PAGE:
Alone for the Dreaded 32k
Confession: I have a love/hate relationship with marathon training.
I always say that my favorite part of the marathon is the journey leading up to the race. The actual marathon is just a bonus.
There’s something about the gradual progression from weak legs at 10k to feeling stronger at 32k weeks before the race. I especially like how you train your own mind: one begins feeling like 10k is forever and, in a few months, the same distance is just a warm up for an easy 25k. If you train with friends, then the experience is even more enjoyable as you embark on this crazy new adventure together, suffering and laughing along the way.
Having said that, with every marathon training period, I can’t escape the dread of running that longest run, the 32k 3 weeks before the race. Even in the early weeks of training, it looms over you like a rain cloud; you know it’s coming and you do your darndest best to prepare, but one can never be fully ready for such torment.
Last Sunday, I ran my 32k. And, for the first time ever, I had to run it alone. I had never realized, until the night before the run, that in all the years of running and after 13 marathons, I had never really gone on this road alone. I always ran the 32k with friends to make the long hours—and the sore feet—more bearable. As I packed my gym bag and prepared my gels for the run, I was filled with anxiety. Would I have the discipline to finish 32k without quitting when it got hot, exhausting, or just plain boring?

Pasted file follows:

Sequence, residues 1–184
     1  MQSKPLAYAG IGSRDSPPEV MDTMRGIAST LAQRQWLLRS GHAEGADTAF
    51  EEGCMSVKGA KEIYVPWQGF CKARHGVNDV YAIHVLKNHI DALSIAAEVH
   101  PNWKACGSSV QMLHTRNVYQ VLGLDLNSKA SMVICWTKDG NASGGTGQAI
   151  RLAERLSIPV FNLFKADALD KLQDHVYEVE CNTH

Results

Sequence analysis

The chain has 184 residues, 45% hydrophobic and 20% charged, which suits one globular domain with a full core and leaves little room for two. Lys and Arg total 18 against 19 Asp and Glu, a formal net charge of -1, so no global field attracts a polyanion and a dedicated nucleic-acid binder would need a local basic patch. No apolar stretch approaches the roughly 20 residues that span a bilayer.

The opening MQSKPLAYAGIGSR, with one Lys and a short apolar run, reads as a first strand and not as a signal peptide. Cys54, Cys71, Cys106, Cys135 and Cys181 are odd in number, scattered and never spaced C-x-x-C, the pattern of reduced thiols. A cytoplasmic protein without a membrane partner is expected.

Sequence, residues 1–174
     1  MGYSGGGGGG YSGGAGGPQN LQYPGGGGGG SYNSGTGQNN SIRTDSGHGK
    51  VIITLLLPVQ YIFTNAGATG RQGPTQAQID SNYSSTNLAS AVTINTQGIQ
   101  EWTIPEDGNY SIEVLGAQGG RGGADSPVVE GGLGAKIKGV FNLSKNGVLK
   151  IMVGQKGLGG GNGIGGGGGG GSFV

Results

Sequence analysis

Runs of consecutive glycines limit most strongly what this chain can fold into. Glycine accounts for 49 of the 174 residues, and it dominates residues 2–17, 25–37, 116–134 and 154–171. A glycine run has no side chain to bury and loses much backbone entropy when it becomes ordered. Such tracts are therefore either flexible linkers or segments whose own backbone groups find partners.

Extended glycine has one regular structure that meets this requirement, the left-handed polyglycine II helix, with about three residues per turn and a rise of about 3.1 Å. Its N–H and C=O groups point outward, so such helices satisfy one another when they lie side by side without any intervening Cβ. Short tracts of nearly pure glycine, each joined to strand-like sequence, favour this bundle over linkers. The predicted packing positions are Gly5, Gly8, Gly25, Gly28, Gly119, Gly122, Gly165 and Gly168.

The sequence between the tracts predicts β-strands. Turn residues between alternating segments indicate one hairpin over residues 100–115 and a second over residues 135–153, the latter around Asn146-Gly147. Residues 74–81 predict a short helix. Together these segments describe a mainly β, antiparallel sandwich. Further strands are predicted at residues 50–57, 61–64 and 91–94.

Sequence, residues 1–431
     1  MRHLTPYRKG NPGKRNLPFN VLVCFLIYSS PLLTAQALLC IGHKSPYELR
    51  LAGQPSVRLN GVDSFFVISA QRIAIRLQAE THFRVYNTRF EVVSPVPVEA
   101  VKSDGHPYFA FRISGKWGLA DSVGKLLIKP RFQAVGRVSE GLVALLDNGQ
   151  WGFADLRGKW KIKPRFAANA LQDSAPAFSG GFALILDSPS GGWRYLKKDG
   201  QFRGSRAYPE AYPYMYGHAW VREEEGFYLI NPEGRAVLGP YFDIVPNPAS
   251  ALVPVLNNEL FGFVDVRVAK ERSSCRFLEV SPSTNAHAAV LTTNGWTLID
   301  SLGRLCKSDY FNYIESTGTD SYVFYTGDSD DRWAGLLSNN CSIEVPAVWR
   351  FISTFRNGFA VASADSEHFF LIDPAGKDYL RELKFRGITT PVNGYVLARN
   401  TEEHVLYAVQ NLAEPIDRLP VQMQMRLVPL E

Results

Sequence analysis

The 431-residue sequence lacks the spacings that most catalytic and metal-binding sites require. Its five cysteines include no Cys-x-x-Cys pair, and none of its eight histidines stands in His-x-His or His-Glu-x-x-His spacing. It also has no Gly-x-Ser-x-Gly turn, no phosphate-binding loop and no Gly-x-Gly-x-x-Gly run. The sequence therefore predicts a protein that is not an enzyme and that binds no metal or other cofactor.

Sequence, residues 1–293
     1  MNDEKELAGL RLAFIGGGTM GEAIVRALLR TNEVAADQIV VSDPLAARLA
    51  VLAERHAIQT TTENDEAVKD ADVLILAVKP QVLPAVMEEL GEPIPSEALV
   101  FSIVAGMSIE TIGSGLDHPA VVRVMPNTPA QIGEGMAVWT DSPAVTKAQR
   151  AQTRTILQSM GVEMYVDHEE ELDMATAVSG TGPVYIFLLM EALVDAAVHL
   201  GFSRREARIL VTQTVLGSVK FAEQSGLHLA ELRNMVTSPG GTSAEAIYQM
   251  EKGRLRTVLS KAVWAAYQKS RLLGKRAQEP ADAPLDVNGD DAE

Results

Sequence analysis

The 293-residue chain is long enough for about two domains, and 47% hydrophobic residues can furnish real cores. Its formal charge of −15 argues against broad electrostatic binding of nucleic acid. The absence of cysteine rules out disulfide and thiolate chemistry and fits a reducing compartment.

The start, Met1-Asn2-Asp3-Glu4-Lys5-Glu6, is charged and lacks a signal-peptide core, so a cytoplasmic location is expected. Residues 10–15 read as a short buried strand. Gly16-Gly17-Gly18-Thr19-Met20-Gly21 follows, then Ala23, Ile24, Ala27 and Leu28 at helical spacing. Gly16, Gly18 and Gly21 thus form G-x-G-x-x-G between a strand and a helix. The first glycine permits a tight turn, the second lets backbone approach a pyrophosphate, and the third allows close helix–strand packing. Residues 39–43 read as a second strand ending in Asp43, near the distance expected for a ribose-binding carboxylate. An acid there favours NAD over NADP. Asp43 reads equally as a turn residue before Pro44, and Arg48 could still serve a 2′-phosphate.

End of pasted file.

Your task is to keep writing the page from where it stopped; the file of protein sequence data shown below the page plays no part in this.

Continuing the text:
That morning, as I was about to start, I bumped into friends who coincidentally were training for Osaka Marathon too. I ran the first hour with them. (Thanks Michelle, Bambi, Hannah and Pat!) Then, I headed to Filinvest City where I met Jay and later on, Ardie, who were both also training for Osaka. Time flew by so fast in that first 23k. For the last 9k, I was all by my lonesome.
I won’t lie. It was tough. All the mircropore tape I had put on my toes to prevent blisters had slipped out and rested comfortably between the tips of my toes and my socks. It was like running with pebbles in your shoes. My socks and insoles were soaked with sweat. I wanted to change my top but didn’t want to stop and sit in the car for fear of cramps. Worst of all, I was hungry! All these little nuances started tapping at my shoulder the way little kids make you kulit when they desperately want your attention.
People may tell you that they listen to the birds chirping, smell the fresh air around them, and think happy thoughts when they’re out on these long runs. Sure, sometimes, you feel complete bliss when you’re out there on the road. But, when you’re down to the last few kilometres of a 30k plus run, all you hear is that voice in your head saying: What if I quit now? No one will ever know.
I did my best to silence all those nasty thoughts in my head. I stopped allowing minor things to bother me and looked at the bigger picture: I was so close to reaching the end of my goal! I calmed my mind and focused on putting one foot in front of the other. 30… 30.5… 31… then I did it. I finished my 32k and boy was I proud of myself!
What did I learn in that long 32k run and those solo last few kilometres until the end? Just three important life lessons really: 1) Things aren’t always as bad as they seem, 2) Quitting, even when no one else is looking, is just another way of selling yourself short, and 3) You have to enjoy being with the person you’re with the most, yourself.